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“Listen to their stories, learn about their lives, spend time with them.”

“Listen to their stories, learn about their lives, spend time with them.”



After reading about the devastation caused by the 2004 Boxing Day Tsunami, which killed an estimated 280,000 people across the rim of the Indian Ocean, Ryan McCarthy felt compelled to lend a hand as a volunteer at Oxfam Australia.

“Like so many other people, I wanted to do anything I could to help, and for me the best way to do that was to volunteer. So I joined hundreds of others in lending a hand by answering phone calls from donors all around the country. Volunteers are the heart and soul of the organisation and have always been an inspiration to me,” says Ryan.

“At the time, I was studying in the theatre and working in book shops and record stores. In retrospect, these roles were quite instrumental in setting me on a path to relationship fundraising, though I might not have realised it at the time.

“Talking to people about books and music always led to fascinating and meaningful conversations, and I loved making connections and sharing stories.”

The experience soon led to a paid position on Oxfam Australia’s outbound calling team, where Ryan began his career as a fundraising professional. “It was the perfect role for me at the time because it gave me a chance to talk to donors from across the country and from all walks of life. It was great fun, because you really never knew who you would be speaking to next. I’d always try to find some unlikely degree of separation, a unique thing we have in common, a synchronicity of some sort.

“The results were often uncanny. We really are all connected. Hilarious and surreal conversations were par for the course, and could develop in weird and wonderful directions. Older supporters would often tell their life stories and share incredibly valuable and wise advice. It’s lovely when people open up and talk freely, it’s food for the soul.”


Just over two years ago, Ryan took on his current role, and since that time he has reinvigorated Oxfam Australia’s mid-value program. He’s implemented a number of new initiatives, such as a donor funnel to identify and upgrade the strongest prospects from a large donor pool.

The relationship fundraising position has seen Ryan build strong and lasting relationships with some of Oxfam’s most generous supporters, whether it’s face-to-face, on the phone, by email or in a handwritten letter.

“As far as the high-value program goes, it’s just me at the moment, servicing a very large and broad range of donors giving between $1,000 and $10,000 per annum – about 10,000 donors in total. Within this broader pool, there’s a caseload of approximately 300 donors I have a personal relationship with.”

Ryan says the biggest challenge he initially faced was determining the best way to use his time and effort and where best to direct his stewardship. “Regardless of their level of financial commitment, only a certain number of donors want a more personal relationship. Many are happy just to give in their own way without too much contact.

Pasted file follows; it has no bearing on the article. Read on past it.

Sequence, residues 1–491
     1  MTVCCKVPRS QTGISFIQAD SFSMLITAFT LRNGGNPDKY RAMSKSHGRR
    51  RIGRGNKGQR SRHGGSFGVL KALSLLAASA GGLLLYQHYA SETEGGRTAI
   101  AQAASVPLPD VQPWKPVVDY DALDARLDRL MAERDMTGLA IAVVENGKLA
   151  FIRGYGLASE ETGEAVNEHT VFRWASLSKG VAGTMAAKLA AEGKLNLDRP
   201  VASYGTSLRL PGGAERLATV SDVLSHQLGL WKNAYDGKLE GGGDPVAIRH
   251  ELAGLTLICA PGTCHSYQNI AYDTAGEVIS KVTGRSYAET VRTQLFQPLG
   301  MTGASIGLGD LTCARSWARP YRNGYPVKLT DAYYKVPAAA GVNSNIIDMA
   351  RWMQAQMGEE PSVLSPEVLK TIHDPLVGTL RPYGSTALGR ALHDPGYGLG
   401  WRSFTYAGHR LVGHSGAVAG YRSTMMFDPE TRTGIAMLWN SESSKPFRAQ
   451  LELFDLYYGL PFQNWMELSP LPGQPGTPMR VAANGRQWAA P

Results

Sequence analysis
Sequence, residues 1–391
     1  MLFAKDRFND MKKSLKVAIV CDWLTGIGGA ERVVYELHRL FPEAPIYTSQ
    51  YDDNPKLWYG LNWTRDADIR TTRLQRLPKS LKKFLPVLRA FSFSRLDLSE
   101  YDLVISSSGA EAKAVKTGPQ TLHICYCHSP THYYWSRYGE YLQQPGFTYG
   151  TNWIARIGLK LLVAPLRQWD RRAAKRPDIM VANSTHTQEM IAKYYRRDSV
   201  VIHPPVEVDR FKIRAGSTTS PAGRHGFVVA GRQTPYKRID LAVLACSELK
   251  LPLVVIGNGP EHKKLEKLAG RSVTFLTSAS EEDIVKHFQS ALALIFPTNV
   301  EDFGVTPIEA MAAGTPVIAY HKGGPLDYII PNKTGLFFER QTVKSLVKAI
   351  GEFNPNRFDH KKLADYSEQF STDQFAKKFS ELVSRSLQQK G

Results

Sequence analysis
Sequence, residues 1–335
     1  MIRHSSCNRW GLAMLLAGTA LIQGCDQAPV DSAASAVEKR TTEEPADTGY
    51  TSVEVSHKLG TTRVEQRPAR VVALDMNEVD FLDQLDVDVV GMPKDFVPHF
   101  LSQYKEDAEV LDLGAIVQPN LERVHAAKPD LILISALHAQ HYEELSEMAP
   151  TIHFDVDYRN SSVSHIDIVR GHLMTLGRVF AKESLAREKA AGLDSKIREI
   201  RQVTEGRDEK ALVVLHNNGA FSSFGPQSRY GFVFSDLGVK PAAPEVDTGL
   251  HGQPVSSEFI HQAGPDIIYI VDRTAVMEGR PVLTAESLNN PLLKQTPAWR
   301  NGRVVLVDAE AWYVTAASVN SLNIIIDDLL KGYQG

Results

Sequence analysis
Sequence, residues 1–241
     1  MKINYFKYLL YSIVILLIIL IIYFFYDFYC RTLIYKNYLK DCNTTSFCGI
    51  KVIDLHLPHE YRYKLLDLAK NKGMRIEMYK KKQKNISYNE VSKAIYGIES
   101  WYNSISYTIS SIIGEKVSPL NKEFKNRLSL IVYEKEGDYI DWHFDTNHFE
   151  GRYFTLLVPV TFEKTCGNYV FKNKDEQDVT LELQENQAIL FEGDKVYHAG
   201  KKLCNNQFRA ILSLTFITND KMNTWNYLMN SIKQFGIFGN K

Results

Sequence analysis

“When I began in this role, we had an established stewardship model, but it was locked into a value-band tiering system, which meant that a relatively small number of donors at the higher end were receiving the balance of my time and effort regardless of their preference for personal engagement.” Succeeding in the role meant  replacing

Oxfam Australia’s existing value-band model with a new discovery process in order to identify each donor’s capacity, commitment and willingness to engage. “It was necessary to modify our stewardship model to accommodate donors who identified themselves as being highly committed and wanting a higher degree of personal engagement,” says Ryan.

“After qualifying the best possible prospects through data analysis, surveying and contact through mail and telephone, I could reach out and meet with them in person and this contact has produced phenomenal results.

“It’s been an incredibly rewarding process and I’ve gained a great deal of fundraising experience as a result. I feel so lucky to meet with the most compassionate and generous supporters from all over the country, and I’ve always been shown such hospitality and kindness – it’s a constant source of inspiration for me.”

The new discovery model, combined with Ryan’s personal touch in reaching out to supporters, has yielded exceptional results. High-value income has grown from $2.092 million in 2015 to $2.505 million in 2016 and $2.653 million in 2017, delivering 26.8% growth over two years. “We’ve seen response rates of over 45% in the discovery group in our most recent appeal, along with a huge number of upgrades. Donors, who have been involved with us for the past 30 years and have never had contact with the organisation or a face-to-face visit, have responded with visionary once-in-a-lifetime gifts. Personal connection is the catalyst,” Ryan says.

“I’ve also been very lucky to have a very talented and committed team of story gatherers, graphics designers and copywriters providing amazing content that means I can connect the donors with the beneficiaries we’re working with.”


Donor fatigue and a lack of confidence are a concern across the sector, Ryan says. This creates the risk of donors being alienated from the causes they support, and makes personal contact vitally important – more so than ever.

“More organisations are investing in mid- value programs and even mass marketing is becoming increasingly personalised. But relationship fundraising means so much more than personalising appeal letters. It’s about spending time with people.

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